Tuesday, December 13, 2011

Feticide-Murder Case Exposes Intellectual Contradiction of Abortion on Demand Crowd

The Indianapolis Star reports:
An Indianapolis woman charged with killing her premature baby by ingesting rat poison while she was pregnant is asking the Indiana Court of Appeals to throw out murder and feticide charges against her.
Short of that, Chinese immigrant Bei Bei Shuai (BAY BAY SHWAY) is asking the court to allow her release on bond.
Shuai's attorney says she ate rat poison because she intended to kill herself, not her baby. 
Many of my friends who support unlimited abortion rights up until nine months of pregnancy, base their position on a woman's right to control her own body up until the moment the fetus changes residence by leaving the womb.  Pursuing feticide/murder charges against a Bei Bei Shuai for harming the fetus growing inside her body contradicts that position.

But instead of looking what the law should or should not be, let's look at what it is. Shuai was approximately 8 months pregnant and the child was presumably viable.  Indiana law does not allow someone to have an abortion that late in her term.  However, because of the Supreme Court case Doe v. Bolton, a companion case to the better known 1973 case Roe v. Wade, even Indiana law must allow abortion during the last trimester if needed for the health of the mother.  Per Doe v. Bolton and progeny, this health exception includes mental health.  Shuai could have gotten an abortion even in Indiana and in many states, like New York, she could have gotten an abortion up until 9 months without even claiming a health exception.

At what point does fetal life deserves protection? Is it at conception or is it at the moment the child emerges from the uterus 9 months later?  Most likely the state legislatures in this country would have drawn a line somewhere in between the two extremes, brokering compromises as to the very legitimate issues represented by both sides of the abortion debate.  Unfortunately Roe v. Wade derailed that public debate and made the abortion debate a fresh wound that remains no closer to healing than it was nearly 39 years ago.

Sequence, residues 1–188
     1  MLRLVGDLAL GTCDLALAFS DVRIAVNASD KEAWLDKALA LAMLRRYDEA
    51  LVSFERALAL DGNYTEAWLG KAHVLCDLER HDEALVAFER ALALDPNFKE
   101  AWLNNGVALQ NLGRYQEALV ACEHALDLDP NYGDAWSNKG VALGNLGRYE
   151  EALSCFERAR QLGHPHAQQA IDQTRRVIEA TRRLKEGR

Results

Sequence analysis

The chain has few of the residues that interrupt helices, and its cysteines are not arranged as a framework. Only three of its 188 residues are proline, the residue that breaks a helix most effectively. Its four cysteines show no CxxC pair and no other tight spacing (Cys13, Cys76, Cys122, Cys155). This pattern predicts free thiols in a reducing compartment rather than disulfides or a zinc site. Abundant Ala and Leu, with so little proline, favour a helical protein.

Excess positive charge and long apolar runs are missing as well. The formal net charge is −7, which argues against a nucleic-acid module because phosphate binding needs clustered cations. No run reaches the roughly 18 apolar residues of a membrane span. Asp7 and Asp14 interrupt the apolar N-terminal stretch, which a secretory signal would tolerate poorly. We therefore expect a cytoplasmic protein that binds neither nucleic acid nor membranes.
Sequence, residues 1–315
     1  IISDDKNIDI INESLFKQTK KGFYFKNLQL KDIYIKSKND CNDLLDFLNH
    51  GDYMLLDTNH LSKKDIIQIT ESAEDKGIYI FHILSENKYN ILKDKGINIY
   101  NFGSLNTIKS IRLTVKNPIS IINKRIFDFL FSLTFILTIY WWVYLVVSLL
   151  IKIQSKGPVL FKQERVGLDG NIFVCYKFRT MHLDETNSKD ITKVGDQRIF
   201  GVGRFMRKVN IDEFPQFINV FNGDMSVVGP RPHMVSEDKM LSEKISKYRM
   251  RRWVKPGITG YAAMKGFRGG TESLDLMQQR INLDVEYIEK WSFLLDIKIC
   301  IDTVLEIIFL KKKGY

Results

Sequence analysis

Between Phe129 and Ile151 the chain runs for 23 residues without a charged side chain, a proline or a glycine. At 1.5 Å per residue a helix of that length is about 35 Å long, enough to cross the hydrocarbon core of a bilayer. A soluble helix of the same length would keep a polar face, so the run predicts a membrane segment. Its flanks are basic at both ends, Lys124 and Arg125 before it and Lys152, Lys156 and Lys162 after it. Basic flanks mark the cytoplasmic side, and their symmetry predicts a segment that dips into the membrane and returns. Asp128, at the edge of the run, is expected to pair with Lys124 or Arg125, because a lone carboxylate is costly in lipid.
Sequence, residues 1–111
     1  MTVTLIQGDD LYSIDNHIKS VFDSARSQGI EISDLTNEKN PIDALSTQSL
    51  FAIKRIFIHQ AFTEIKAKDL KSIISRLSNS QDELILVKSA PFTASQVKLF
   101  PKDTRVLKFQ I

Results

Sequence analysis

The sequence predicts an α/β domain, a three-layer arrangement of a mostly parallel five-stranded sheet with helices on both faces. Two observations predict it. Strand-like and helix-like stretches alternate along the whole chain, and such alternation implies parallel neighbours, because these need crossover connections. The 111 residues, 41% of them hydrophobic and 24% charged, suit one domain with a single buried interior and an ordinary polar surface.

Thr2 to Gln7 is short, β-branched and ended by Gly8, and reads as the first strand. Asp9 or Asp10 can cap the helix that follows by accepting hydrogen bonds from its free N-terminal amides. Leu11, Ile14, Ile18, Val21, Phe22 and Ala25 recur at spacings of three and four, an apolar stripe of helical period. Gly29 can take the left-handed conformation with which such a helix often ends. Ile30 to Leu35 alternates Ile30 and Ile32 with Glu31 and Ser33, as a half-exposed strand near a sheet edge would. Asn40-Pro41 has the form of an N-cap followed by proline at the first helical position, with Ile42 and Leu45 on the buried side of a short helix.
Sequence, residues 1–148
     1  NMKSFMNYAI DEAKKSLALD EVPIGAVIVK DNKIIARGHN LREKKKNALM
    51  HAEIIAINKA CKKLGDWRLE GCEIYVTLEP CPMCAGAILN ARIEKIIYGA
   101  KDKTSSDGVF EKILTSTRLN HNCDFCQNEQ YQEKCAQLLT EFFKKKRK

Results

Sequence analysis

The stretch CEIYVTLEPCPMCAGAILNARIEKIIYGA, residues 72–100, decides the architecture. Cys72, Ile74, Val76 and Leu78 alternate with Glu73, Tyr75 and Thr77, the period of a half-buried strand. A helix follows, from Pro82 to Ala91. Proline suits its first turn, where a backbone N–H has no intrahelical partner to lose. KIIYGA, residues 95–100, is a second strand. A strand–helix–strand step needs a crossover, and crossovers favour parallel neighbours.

Nicolas Martin said...
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Nicolas Martin said...

I don't see how this "exposes intellectual contradiction of abortion on demand crowd." Seems more like it exposes the inconsistency of abortion opponents and the state.

How many abortion opponents, who believe that any intentional termination is murder, argue that all women who abort should be prosecuted for murder? Very few. They want the abortionists prosecuted, but not the mothers. They take that position because they know that anti-abortion support would plummet if women were prosecuted.

The woman and her attorney are arguing that she should not be charged with murder, but you offer no evidence of what the pro-choice advocates propose in her case. The inconsistency in her case seems to be on the part of the government, not ideologues on either side.

Neither of the two most vocal sides in the abortion debate are morally or intellectually consistent.

Some influential libertarians offer a different and thoroughly consistent approach, based on property rights. In this law journal article, Block and Whitehead lay out that approach in detail.

Paul K. Ogden said...


Well, I think there is going to be intellectual inconsistency regardless of how the debate is decided. Legislative compromises would have been much better for this country than an invented judicial approach to the issue.

My point is that there are a number of pro-choice advocates who want abortion on demand because it's the woman body, yet have no problem with this woman being prosecuted. There are, however, pro-choice people out there though who recognize the intellectual inconsistency and want the prosecution dropped. I at least give them credit for their consistency.

patriot paul said...

Here is an update on a Senate/House compromise:


marksmall2001 said...

The "compromise" a majority, if not most, states would choose would be to outlaw abortion entirely, prosecute any physicians who perform abortions, and imprison the would-be mothers. One aspect of Roe v. Wade was the drop in crime that began in 1991. That was the year when fetuses aborted in 1973 would have turned 18, the prime age for males to engage in crime. The study was conducted by professors from UChicago and Stanford. They had no political stance on choice when they started.

Nicolas Martin said...

The claim that legal abortion led to reduced crime is, to say the least, highly controversial.

I find this hypothesis much more convincing:

How the Plummeting Price of Cocaine Fueled the Nationwide Drop in ViolentCrime

Nicolas Martin said...

What happened to the link I provided in the my first post?

A Private Property Rights Approach to Resolving the Abortion Controversy